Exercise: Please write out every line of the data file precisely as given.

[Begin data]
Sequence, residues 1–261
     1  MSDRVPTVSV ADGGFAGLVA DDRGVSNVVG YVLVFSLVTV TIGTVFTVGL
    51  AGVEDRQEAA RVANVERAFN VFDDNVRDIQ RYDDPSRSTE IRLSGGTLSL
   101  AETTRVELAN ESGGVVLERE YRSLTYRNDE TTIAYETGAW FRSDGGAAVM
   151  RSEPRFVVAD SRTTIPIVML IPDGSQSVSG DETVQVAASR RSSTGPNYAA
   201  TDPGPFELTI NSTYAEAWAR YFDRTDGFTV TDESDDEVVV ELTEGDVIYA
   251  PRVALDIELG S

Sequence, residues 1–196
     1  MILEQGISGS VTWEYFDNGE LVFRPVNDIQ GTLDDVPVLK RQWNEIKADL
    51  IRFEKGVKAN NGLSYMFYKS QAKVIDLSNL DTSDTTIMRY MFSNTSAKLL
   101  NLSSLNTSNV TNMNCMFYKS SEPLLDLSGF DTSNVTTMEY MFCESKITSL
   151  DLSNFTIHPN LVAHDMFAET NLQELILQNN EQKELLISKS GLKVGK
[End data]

Sequence, residues 1–261
     1  MSDRVPTVSV ADGGFAGLVA DDRGVSNVVG YVLVFSLVTV TIGTVFTVGL
    51  AGVEDRQEAA RVANVERAFN VFDDNVRDIQ RYDDPSRSTE IRLSGGTLSL
   101  AETTRVELAN ESGGVVLERE YRSLTYRNDE TTIAYETGAW FRSDGGAAVM
   151  RSEPRFVVAD SRTTIPIVML IPDGSQSVSG DETVQVAASR RSSTGPNYAA
   201  TDPGPFELTI NSTYAEAWAR YFDRTDGFTV TDESDDEVVV ELTEGDVIYA
   251  PRVALDIELG S

Sequence, residues 1–196
     1  MILEQGISGS VTWEYFDNGE LVFRPVNDIQ GTLDDVPVLK RQWNEIKADL
    51  IRFEKGVKAN NGLSYMFYKS QAKVIDLSNL DTSDTTIMRY MFSNTSAKLL
   101  NLSSLNTSNV TNMNCMFYKS SEPLLDLSGF DTSNVTTMEY MFCESKITSL
   151  DLSNFTIHPN LVAHDMFAET NLQELILQNN EQKELLISKS GLKVGK